Editor’s Note: Before getting into my thoughts riding this fork, I want to open by stating that this wasn’t a review I took lightly.
I’m an early adopter personality, meaning I love trying new things and tinkering, regardless of whether or not it’s “cool.” That said, during the review period I kept thinking whether or not I would spend my hard earned money on a linkage fork opposed to a traditional fork. In other words, was the anti-squat and sensitivity such a big improvement in performance that it justified the increase in weight, cost, complexity and let’s be honest— poor looks.
I tested this fork on both a familiar bike of my own, and on the gearbox rig pictured above. For several months, I rode it on my home trails, jumps and rocky Los Angeles terrain. If there was ever a place this fork would show direct benefits, it’s on the loose and rocky trails I typically ride since any increase in time the front wheel spends on the ground means an improvement in traction.
While Motion will state that the fork has unmatched sensitivity, on the trail it felt ever a bit more sensitive than a well tuned and freshly serviced Fox 36 with a coil swap. Not a night and day difference, but most definitely perceivable.
Where I noticed a more pronounced, tangible improvement however, was in large, square edge impacts. The fork is able to move away from and over an obstacle with far less feedback to the rider than a traditional fork because of the axle path. Thanks to the rearward path of the linkage, the fork is able to move up and backward when it hits a square edge. No telescopic fork can achieve that level of impact absorption due to the design issues inherent in how they function. It truly is impressive.
That means my ability to carry momentum, especially on technical climbs and entering technical sections of trail were much faster and easier. This fork also has an incredibly bottomless feel. I’m a dirt jump rat, and enjoy sending it on bikes. Whether I was catching backside, or even hucking to flat, hard landings where I could see the rubber bump stops contact, I never felt a harsh bottom out.
By far the most notable feature of this fork however is the anti-squat characteristics. For my entire riding career of 15 years, I’ve only known forks that dive under rider weight when braking or loading the front end. It took some getting used to when the E18 stayed right at the top of the travel no matter where I shifted my weight.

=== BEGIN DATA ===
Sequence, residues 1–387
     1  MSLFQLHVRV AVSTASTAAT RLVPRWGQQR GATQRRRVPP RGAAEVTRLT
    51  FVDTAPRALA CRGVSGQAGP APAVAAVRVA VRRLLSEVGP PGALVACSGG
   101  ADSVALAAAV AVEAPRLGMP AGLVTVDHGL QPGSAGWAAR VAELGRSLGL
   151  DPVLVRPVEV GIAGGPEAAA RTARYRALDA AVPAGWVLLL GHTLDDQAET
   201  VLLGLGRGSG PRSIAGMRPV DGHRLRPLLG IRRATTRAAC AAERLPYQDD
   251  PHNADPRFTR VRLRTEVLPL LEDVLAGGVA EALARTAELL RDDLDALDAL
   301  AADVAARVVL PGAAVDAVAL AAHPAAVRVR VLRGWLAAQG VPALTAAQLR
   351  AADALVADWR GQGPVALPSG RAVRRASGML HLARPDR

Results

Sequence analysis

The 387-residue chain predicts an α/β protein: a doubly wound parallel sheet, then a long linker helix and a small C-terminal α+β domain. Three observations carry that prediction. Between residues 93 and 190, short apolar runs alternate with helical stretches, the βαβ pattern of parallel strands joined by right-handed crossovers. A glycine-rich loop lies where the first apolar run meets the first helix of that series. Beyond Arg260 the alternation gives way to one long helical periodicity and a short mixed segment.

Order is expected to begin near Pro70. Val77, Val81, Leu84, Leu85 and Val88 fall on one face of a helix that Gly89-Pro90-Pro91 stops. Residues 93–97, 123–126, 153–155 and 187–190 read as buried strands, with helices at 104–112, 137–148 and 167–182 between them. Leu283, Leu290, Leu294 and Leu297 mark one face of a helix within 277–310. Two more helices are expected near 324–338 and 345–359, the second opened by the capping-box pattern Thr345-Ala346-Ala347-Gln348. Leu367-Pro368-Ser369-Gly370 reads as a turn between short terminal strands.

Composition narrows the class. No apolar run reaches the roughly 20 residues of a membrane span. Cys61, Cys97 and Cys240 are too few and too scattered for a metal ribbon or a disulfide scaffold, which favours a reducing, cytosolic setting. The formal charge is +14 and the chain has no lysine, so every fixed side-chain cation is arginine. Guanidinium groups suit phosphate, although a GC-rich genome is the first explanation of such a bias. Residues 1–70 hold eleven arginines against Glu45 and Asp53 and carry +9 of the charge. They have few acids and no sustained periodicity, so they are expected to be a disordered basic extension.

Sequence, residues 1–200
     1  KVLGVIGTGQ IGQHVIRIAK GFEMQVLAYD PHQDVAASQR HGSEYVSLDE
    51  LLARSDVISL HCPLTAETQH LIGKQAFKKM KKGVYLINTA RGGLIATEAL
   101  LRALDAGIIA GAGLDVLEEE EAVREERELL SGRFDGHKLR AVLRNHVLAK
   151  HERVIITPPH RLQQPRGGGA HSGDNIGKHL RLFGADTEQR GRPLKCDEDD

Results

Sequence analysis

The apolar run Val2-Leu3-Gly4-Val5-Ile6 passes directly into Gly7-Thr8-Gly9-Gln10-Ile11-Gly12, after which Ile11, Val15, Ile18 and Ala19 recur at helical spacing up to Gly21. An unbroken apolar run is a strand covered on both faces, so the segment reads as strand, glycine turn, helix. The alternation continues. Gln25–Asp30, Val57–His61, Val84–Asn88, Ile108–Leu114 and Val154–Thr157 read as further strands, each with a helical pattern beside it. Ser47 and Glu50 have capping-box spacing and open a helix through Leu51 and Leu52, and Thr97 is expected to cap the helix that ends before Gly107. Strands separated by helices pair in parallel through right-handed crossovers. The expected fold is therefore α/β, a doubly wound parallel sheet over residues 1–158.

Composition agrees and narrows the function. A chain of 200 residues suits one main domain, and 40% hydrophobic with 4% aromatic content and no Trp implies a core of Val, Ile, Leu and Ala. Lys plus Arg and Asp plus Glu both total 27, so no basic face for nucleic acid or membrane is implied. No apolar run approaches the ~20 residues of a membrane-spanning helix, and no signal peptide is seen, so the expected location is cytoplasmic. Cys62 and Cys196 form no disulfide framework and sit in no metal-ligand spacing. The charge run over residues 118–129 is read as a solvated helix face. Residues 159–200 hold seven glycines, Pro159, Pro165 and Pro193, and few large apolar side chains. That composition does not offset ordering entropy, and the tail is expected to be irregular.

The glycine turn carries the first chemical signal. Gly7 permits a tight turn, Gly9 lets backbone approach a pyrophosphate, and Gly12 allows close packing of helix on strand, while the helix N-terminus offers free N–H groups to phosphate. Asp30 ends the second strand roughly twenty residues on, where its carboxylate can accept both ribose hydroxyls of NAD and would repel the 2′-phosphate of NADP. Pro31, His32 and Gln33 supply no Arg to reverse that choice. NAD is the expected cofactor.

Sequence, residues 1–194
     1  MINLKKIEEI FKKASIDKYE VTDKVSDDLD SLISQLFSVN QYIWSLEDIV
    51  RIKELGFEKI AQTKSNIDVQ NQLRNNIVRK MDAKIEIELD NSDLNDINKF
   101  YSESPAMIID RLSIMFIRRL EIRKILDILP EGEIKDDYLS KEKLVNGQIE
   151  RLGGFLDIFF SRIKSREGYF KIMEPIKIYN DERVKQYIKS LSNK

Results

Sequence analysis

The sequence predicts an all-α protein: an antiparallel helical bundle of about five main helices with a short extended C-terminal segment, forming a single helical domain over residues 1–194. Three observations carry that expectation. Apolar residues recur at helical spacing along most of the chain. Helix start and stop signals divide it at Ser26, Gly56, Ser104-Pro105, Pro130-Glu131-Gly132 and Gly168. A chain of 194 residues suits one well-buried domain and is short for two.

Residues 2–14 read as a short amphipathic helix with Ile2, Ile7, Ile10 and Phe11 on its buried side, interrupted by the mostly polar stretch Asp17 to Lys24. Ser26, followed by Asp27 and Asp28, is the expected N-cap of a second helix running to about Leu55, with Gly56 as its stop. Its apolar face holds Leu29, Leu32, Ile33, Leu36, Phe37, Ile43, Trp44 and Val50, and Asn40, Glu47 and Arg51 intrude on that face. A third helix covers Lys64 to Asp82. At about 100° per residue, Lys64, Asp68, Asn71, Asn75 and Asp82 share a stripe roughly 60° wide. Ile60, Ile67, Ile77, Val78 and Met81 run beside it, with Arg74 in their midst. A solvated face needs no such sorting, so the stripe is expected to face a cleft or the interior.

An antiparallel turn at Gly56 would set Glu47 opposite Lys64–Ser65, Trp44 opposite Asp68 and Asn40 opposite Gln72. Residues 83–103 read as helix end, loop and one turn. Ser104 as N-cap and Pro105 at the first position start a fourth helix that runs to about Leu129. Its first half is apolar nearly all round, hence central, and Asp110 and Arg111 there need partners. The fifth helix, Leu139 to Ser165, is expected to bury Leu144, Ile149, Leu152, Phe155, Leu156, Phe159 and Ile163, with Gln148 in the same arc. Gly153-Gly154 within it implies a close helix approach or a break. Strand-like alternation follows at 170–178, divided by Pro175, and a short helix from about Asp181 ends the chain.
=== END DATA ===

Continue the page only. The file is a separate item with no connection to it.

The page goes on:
The bike’s geometry stays consistent through berms, g-outs or any other situation where a traditional fork’s dive would have your headtube angle steepening drastically. It’s not a trivial difference, and it does inspire confidence in steep terrain since it lets you shift your weight farther to the front of the bike, improving traction. If you’re looking for definitive and measureable improvements as a reason to switch from a telescoping fork, the E18 offers them.
There are downsides however, with the primary being weight. At 4.85 pounds, this fork is about half a pound heavier than a Fox Factory 36. Whether it’s in my head or not, the fact that mass is spread out over a larger area seems to influence the ride of the bike, and make the front end feel ever so slightly more sluggish.
Another issue I had was with the damper. While Motion remedied the initial topping out issue the fork experienced with an on-the-fly design change to the damper, I found the controls extremely hard to use. The rotating collar that allows for adjustment was very hard to turn and felt unintuitive. I also missed the ability to fine tune high and low speed compression and rebound. However, I did like the easy adjustment of spring preload, since it let me fine tune for rider weight changes like wearing a pack just like I would with an air spring fork. Motion has informed us that the remedy would improve some of my complaints.
At $1,250 the E18 isn’t cheap, but isn’t that far off from other high-end offerings by Fox or Cane Creek. It also offers distinct and unique performance benefits that can’t be matched by traditional forks. Motion put years of work into this fork, and we love small companies that take a risk to do things differently. There’s some impressive technology in this fork, and some clever ideas that really work. While the performance benefits are decidedly better, those benefit have to outweigh the downsides. Ultimately whether those gains are worth the weight and aesthetic penalty is up to you, but, regardless of what you decide, if you get a chance to try one of these forks out, we highly suggest you give it a try.
Weight: 4.85 lbs